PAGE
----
Because they do. And the concepts at issue in each case are not difficult to understand. I am not a lawyer, and Bryan does a great job describing these cases in a way that non-lawyers can understand and digest. The three cases we discuss are entirely different topics (tax, Indian Child Welfare Act, and sexual assault of a minor), but each impacts the sovereignty not only of those involved but of all tribes.

Two of the cases discussed–if decided wrongly–can negatively impact the sovereignty of all tribes. Information about each of the cases is also provided below. This information all links to Turtle Talk, a blog of the Indigenous Law and Policy Center at Michigan State University. It tracks different court cases impacting Indian Country. It is a great resource to track legal developments impacting tribes.

Dollar General v. Mississippi Band of Choctaw Indians

A.D. v. Washburn

Seminole Tribe of Florida v. Marshall Stanburg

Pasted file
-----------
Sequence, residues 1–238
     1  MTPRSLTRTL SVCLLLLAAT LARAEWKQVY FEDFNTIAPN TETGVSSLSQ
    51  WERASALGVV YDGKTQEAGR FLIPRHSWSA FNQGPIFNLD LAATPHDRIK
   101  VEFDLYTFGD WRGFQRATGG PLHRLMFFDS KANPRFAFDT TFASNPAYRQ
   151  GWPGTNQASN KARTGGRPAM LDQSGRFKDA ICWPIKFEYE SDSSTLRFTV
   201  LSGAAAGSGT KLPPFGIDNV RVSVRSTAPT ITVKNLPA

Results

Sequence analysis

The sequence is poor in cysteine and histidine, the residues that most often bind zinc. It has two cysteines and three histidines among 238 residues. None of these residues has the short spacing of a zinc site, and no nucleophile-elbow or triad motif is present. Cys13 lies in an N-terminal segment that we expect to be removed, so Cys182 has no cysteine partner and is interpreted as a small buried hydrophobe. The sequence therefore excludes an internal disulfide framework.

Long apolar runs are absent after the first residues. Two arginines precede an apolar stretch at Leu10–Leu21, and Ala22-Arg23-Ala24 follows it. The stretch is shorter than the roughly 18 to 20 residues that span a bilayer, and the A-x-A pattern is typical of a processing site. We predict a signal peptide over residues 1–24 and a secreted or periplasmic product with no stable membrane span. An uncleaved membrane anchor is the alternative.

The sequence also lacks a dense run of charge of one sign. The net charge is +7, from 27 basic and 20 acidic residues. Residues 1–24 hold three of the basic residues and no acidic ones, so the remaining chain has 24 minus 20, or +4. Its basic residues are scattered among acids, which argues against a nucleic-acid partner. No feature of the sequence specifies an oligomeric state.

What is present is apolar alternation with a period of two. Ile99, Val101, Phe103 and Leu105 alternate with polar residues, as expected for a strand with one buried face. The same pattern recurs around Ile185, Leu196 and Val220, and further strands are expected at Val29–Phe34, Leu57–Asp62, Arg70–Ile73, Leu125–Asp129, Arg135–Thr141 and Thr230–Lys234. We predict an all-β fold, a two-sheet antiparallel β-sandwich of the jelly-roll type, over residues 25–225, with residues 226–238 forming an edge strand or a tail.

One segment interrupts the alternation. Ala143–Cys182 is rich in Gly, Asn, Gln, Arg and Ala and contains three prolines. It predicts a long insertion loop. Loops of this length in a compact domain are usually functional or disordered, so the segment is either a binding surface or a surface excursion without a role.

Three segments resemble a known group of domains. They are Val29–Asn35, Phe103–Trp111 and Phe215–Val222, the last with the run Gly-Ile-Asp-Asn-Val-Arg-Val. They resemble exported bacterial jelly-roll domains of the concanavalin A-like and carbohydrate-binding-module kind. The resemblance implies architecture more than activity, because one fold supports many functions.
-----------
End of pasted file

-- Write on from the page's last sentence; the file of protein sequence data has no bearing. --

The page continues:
Bryan and I also discuss other topics in this episode including: moving home after being away; where “home” really is; college football (Go Ducks!); healthy outlets; and more.

Clara Pratte | Navajo

Clara Pratte is currently Interim CEO of Nova Corporation. The company is owned by Navajo Nation, of which Clara is a citizen. Clara’s ascension is impressive in its own right. But it becomes even more impressive and inspiring when you hear her full story.

Clara Pratte

Clara Pratte

Clara is well known throughout Indian Country for her work with the federal government as a political appointee and then as an appointee under President Ben Shelly with Navajo Nation. Her work primarily has been in economic development and public policy.

Clara’s success serves as proof that challenges can be overcome. Clara’s path in college was not a “traditional” linear four years. It included a transfer to a new school and a three-month cross-country road trip. On a whim she took a public policy course in college which led to her moving away from home to pursue a Master’s degree at Carnegie Mellon. This led to a prestigious Presidential Management Fellowship and eventually to her current role as Interim CEO.

There are two key takeaways from this conversation: setting goals can keep you focused and motivated; and taking risks is an important part of personal and professional growth.   I won’t give too much away on those points (make sure to hear it straight from Clara on the podcast!), but these traits have shaped Clara’s path.